Aurora aims to roll out self-driving trucking service between Houston & Dallas by end of 2024

Other technology companies, along with Pittsburgh-based Aurora, are using Texas’ two largest cities to test autonomous freight-hauling services.


Aurora Autonomous Trucks
Self-driving trucks are lined up at Aurora’s terminal in Dallas. (Photo from Aurora)

The race to commercialize self-driving semitrucks in Texas is heating up.

Aurora Innovation, Inc., which for the last 18 months has been making pilot freight hauls with autonomous trucks overseen by human operators, announced this week that it plans to launch a fully autonomous commercial freight-hauling service between Houston and Dallas by the end of 2024.

The Pittsburgh-based company, which was founded in 2017, is not the only firm developing self-driving technology to ship goods between Texas' two largest cities. Last August, California-based Kodiak Robotics began using self-driving 18-wheelers to transport IKEA products between the Houston and Dallas areas, while also having humans behind the wheel to oversee the deliveries.

Aurora said it has incrementally increased the "performance, safety, and reliability" of its self-driving system while making more than 1,000 pilot hauls between Houston and Dallas since September 2021 for companies such as FedEx, Schneider and Uber Freight. It expects to ramp up its operations by hauling 100 loads per week by the end of this year.

Aurora Horizon is the name of the autonomous trucking subscription service the company aims to launch by the end of 2024. It also is developing a driverless ride-hailing passenger vehicle service it calls Aurora Connect.

"From day one, we made foundational technology investments and strategic decisions that have helped us reach this pivotal moment," Aurora co-founder and CEO Chris Urmson said in a news release. "As we mature operations in advance of the launch of Aurora Horizon, our customers will continue to experience the value autonomy can bring to their businesses."

Kodiak Robotics said last fall that one of the goals of its self-driving system was to improve working conditions for human drivers as well as their quality of life, because those drivers could focus on shorter trips closer to home while autonomous vehicles make longer hauls. That notion received pushback from Liz Castillo, the president and founder of the Greater Houston Trucking Association, who said at the time that autonomous trucks raise safety concerns and figure to lead to job losses and a depression of wages for human operators at a time when the trucking industry already is experiencing a driver shortage.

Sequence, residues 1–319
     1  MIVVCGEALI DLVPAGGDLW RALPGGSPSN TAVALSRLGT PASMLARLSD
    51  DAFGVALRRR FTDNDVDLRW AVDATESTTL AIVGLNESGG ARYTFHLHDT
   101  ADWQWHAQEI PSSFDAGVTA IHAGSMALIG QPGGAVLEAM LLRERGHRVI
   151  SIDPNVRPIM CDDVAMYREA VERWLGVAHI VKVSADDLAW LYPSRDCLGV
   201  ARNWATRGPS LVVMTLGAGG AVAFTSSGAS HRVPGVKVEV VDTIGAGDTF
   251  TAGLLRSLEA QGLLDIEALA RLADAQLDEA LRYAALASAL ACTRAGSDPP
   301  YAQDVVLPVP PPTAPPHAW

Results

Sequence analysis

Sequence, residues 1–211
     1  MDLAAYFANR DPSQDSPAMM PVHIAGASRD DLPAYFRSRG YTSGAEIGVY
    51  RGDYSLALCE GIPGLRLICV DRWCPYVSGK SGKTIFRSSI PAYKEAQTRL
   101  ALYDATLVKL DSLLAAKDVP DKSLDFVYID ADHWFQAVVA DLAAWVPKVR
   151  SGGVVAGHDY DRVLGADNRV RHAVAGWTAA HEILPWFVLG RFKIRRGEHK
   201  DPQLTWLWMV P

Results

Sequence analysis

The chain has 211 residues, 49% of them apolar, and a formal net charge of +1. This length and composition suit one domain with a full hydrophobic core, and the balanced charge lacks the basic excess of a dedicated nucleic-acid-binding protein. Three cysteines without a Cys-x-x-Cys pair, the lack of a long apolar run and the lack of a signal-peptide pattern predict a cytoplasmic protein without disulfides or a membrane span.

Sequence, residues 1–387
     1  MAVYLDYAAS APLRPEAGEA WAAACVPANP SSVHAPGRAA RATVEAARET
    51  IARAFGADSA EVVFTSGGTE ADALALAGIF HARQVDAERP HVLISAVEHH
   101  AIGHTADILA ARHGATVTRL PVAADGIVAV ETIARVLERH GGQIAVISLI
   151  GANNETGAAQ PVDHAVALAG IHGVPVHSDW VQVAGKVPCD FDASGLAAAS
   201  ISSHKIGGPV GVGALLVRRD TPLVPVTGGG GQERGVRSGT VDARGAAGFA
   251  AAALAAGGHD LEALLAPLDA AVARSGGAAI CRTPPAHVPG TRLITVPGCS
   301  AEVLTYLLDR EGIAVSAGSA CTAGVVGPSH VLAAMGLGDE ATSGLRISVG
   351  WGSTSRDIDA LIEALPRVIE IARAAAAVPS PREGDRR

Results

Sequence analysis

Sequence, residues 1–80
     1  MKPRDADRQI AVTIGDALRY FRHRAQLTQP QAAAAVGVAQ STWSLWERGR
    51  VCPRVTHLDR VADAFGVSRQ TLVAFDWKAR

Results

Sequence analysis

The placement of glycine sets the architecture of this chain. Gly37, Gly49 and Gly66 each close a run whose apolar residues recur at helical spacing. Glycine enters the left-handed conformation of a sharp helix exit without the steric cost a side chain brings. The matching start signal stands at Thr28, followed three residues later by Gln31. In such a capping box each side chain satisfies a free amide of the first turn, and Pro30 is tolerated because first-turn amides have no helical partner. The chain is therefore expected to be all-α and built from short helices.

According to a March 2022 study by researchers at the University of Michigan and Carnegie Mellon University, up to 94 percent of trucker operator hours may be impacted "if automated trucking technology improves to operate in all weather conditions across the continental United States." The study also found that the loss of operator hours associated with the automation of long-haul trucking – trips of 150 miles or longer – would "not be made up both in terms of quantity and quality by short-haul driving work."

An Aurora spokesperson echoed Kodiak’s claim in an email Wednesday, saying that “building autonomous vehicle technology into the long-haul ecosystem can help the freight industry focus human drivers on more desirable, shorter trips.” The spokesperson also said self-driving trucks can help combat the shortage of human drivers while expanding capacity for carriers and shippers, and that Aurora envisions a freight future with a hybrid system utilizing both autonomous and human-driven semitrucks.

Aurora announced in a Monday news release that it had made six beta updates to its self-driving system over the last 18 months and has determined the system now has all the capabilities it needs for a commercial service, with refinements set to take place ahead of the planned launch next year.

The company's most recent system update incorporated the capabilities for self-driving trucks to identify when they have been involved in a collision and respond by stopping and notifying a command center, along with the ability to detect and respond to "out of design domain" scenarios, such as encountering unexpected or extreme weather.

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Adam Zuvanich

Adam Zuvanich

Digital Content Producer

Adam Zuvanich writes locally relevant digital news stories for Houston Public Media. He grew up in the Houston area and earned a journalism degree from the University of Texas before working as a sportswriter in Austin, Lubbock, Odessa, St. Louis and San Antonio. Zuvanich returned home to Houston and made...

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